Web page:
Thunder-Grizzlies Game 4: KD finds out how lonely it is on his own

By Matt Moore | NBA writer

Game 4 was a nightmare for Kevin Durant in the 4th quarter and overtime.   (Getty Images)
Game 4 was a nightmare for Kevin Durant in the 4th quarter and overtime. (Getty Images)

Not to beat a theme to death, but we're going to have to go to the shot chart on this one.

Here's Kevin Durant's 4th quarter and overtime in the Thunder's Game 4 loss to the Memphis Grizzlies.

So that's not ideal.

Here's how this shakes out. When LeBron James wilted in fourth quarter after fourth quarter from 2009 until 2012, he was roasted and dissected. When Carmelo Anthony plays badly in the fourth, he takes the wrath. So how can we defend Durant under similar circumstances?

Well for one, pinning any close loss on one player is almost always flawed. It takes a village to screw up a party, so to speak. It wasn't all on LeBron James, it's not all on Melo an it's certainly not on Kevin Durant.

The Grizzlies very specifically targeted Durant with multiple defenders late in the 4th quarter. They would have Tony Allen tail him, busting through screens and dragging on his arms coming around curls, then immediately front with the screener's man, and bring help, usually from Mike Conley.

Tony Allen. Marc Gasol. Mike Conley. That's three members of the All-Defensive teams, geared to stop one guy, in the 46th minute of the game.

There's just no way to do it alone.

Durant has been one of the best clutch performers the past two years. You have to wonder now how much of that has to do with the ability of Russell Westbrook to force the defense to stay honest and not approach him like this, how much of it is was Durant being able to rest as Westbrook took over, and how much of it is an elite defense playing him perfectly.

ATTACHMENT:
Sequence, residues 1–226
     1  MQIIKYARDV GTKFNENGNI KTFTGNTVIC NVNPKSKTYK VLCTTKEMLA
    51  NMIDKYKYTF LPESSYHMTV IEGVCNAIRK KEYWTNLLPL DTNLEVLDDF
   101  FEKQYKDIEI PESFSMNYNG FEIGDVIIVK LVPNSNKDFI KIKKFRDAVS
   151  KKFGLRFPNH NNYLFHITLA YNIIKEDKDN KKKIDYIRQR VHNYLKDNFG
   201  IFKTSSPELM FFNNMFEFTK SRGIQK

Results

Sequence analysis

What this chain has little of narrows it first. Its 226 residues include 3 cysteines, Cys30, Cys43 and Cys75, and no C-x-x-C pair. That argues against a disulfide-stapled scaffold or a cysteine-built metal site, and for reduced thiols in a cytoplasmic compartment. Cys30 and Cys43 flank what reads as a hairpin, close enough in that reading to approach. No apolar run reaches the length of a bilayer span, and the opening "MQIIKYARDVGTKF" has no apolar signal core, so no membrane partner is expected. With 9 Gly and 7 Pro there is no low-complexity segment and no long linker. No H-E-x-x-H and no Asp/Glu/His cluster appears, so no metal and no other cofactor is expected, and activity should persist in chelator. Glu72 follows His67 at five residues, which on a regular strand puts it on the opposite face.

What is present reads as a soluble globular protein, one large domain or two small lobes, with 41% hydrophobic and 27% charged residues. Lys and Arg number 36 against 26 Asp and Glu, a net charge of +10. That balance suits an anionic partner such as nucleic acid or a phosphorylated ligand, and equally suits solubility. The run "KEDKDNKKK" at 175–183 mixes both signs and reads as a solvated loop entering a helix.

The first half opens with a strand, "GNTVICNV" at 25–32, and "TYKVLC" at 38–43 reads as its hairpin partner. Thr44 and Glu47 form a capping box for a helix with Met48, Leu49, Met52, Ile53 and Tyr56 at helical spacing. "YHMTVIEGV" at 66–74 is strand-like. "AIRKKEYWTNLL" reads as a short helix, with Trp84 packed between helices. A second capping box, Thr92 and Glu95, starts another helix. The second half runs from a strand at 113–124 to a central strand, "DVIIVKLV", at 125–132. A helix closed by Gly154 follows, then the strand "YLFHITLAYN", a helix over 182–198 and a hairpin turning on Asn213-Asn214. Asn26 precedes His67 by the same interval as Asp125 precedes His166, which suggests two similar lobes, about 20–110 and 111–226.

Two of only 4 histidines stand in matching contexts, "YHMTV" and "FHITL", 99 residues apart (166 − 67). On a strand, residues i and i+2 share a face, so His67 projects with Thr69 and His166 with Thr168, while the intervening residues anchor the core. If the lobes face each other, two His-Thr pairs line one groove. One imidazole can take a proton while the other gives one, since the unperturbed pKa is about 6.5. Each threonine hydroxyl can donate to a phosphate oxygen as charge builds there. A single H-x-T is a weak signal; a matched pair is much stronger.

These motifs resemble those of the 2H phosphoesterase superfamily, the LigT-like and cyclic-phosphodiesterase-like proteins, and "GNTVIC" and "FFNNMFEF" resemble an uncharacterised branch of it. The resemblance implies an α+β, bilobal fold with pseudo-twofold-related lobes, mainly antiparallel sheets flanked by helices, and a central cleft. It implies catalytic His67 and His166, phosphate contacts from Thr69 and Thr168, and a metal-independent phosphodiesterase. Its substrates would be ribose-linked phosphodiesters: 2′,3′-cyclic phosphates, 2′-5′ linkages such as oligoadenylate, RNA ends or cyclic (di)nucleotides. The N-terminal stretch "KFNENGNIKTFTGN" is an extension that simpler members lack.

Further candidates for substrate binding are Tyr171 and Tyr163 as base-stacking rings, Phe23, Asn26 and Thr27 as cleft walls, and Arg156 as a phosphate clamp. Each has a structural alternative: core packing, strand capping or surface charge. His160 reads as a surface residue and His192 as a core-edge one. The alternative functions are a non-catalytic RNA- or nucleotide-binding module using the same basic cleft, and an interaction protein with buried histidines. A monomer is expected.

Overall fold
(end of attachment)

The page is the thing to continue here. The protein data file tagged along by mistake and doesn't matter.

We expect superstars to be larger than life, to be flawless. But they have to be put in the right position to live up to those lofty expectations. The Thunder aren't able to do that with Durant anymore, not with Westbrook out, and not with the Grizzlies closing closer and closer. Great players step up and make great plays, but they have to have the opportunity. What Durant is facing is more like what the Spartans faced.

It's a seven-nation army and it is geared to hold Durant back.

And so Durant will deal with the same questions so many worthy stars have faced before, about his ability to "carry a team." All the while, few will recognize that the real reason beyond Westbrook's absence is that when you give a disciplined, intent team a clear roadmap of what's coming at them, they're going to stop it. Durant may be unstoppable when he gets going, but the Grizzlies, especially in Game 4, have made the superhuman mortal, and shown him something he never asked for: how lonely it is on his own.

 
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